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1.Risk of Type 1 in general population ranges from 1 in 400 to 1 in 1000. The risk rises substantially to 1 in 20 to 1 in 50 in the offspring of those with Type 1.
2.Genetic predisposition to Type 1 is the result of HLA-DQ coded genes for disease susceptibility off set by genes that are related to disease resistance. Genes that produce resistance are frequently dominant over those that produce disease susceptibility.
3.Antibodies: Positive GAD, Insulin and Islet Cells autoantibodies (IAA & ICAs)
4.Viral triggers are suggested by the association of Type 1 with congenital rubella and coxsackie B4 infection. Bovine serum albumin (BSA) is thought to be an environmental trigger. BSA specific antibodies are found in the majority of kids with newly diagnosed diabetes, thus early exposure to cow’s milk may be a potential determinant. There is a higher rate in non-breastfed women.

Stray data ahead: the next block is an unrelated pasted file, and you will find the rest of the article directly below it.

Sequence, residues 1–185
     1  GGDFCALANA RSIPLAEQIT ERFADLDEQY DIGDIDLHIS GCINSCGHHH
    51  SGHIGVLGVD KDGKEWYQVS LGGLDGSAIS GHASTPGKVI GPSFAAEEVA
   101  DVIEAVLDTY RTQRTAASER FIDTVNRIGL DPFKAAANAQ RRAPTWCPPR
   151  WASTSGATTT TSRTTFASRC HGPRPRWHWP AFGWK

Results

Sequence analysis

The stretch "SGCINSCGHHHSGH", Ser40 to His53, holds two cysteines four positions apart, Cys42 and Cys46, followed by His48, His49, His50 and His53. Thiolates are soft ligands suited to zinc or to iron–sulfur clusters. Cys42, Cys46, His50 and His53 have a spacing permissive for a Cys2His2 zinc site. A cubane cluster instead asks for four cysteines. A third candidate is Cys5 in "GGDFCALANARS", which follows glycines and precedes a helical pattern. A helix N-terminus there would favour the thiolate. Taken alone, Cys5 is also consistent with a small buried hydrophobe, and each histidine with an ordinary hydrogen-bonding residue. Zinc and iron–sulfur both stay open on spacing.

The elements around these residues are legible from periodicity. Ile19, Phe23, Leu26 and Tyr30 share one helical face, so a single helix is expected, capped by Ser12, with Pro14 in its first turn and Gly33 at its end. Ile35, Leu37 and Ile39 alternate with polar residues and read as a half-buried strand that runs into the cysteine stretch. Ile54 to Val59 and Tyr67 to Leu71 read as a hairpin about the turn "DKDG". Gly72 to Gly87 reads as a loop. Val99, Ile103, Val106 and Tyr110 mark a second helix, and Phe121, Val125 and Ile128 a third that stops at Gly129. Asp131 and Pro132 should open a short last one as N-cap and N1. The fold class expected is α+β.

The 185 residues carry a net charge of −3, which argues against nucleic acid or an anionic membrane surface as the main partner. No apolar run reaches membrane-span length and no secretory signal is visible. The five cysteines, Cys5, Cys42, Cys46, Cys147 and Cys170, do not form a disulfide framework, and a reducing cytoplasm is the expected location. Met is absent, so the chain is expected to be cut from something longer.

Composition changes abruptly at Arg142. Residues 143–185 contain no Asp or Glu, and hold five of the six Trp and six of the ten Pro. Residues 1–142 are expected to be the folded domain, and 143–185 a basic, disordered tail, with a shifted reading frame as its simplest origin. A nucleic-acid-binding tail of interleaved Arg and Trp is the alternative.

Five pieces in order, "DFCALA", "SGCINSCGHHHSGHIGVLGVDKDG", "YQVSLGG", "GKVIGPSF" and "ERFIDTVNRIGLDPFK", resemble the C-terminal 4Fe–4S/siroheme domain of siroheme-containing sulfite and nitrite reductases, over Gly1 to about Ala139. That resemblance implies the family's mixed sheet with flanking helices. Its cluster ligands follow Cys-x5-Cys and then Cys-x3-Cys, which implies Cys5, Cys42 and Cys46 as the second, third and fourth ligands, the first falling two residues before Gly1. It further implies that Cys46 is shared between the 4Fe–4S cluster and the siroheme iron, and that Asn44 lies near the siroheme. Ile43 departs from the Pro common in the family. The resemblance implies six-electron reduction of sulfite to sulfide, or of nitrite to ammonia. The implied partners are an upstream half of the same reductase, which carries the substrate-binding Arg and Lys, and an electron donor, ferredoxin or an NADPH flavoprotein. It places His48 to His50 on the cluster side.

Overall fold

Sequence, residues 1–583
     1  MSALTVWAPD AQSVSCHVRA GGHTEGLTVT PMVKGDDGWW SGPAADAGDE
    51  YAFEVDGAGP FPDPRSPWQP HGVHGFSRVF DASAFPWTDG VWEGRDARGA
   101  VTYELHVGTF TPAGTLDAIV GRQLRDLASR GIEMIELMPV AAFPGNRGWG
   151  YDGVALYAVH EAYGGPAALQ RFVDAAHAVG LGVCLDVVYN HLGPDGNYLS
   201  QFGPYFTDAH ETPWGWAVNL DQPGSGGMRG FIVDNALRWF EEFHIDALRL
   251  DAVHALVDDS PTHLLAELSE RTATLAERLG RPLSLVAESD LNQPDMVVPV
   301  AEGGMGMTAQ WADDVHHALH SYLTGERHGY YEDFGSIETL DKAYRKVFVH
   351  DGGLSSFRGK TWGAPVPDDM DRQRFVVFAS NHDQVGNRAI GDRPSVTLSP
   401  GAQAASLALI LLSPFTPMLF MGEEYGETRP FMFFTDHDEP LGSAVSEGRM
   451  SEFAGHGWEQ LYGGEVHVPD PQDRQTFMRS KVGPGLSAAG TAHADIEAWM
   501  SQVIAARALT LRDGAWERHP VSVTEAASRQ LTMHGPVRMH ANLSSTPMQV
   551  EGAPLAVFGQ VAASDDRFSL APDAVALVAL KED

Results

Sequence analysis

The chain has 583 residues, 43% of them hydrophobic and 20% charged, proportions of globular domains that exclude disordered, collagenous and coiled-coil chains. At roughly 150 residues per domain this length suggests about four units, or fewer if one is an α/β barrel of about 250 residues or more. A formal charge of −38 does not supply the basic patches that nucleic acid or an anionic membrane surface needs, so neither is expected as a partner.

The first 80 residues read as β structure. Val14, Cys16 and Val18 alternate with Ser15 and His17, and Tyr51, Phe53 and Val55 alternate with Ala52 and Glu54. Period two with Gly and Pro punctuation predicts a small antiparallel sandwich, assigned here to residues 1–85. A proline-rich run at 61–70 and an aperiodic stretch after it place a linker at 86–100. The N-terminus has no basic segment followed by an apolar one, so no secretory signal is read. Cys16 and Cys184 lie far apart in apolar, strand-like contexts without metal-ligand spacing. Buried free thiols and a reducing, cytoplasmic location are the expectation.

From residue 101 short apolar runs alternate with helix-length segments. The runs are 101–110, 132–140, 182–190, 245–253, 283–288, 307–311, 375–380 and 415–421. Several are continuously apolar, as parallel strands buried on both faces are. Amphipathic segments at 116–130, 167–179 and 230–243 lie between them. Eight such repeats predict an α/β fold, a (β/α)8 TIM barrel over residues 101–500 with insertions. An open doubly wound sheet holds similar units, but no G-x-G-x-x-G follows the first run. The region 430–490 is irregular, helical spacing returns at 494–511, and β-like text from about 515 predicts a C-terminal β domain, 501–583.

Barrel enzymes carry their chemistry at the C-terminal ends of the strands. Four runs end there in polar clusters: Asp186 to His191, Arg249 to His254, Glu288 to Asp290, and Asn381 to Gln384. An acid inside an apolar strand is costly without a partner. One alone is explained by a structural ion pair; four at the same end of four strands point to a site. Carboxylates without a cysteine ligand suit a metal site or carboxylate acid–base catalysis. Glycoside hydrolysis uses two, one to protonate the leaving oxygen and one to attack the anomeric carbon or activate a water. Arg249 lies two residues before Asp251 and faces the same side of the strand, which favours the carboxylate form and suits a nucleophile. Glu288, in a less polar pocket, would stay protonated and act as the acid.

5.Environment: Some chemicals and drugs specifically destroy pancreatic cells.
6.Hyperglycemia and symptoms consistent with the diagnosis of DM develop only after 90% of the secretory capacity of the beta cell mass has been destroyed.
1. Typical: over 40…the older you get, the higher your risk goes. Although, Type 2 in children is becoming much more frequent.
2. People overweight are at higher risk.
3. Sedentary lifestyle increases your risk of developing Type 2. Excessive abdominal (visceral) fat introduces greater threat of Type 2 than does lower body obesity.
4. Family history….does not have to be first degree relative. No specific HLA type is identified. Where 1 identical twin is affected the incidence is close to 100%. Off springs have a 15% chance and 30% risk of Impaired Glucose Tolerance
5.Women who had gestational diabetes, have a 50% risk of developing Type 2 within 5-10 years
6.Certain ethnic groups increase the susceptibility to Type 2, such as African American, Native Americans, Asian, Pacific Islanders.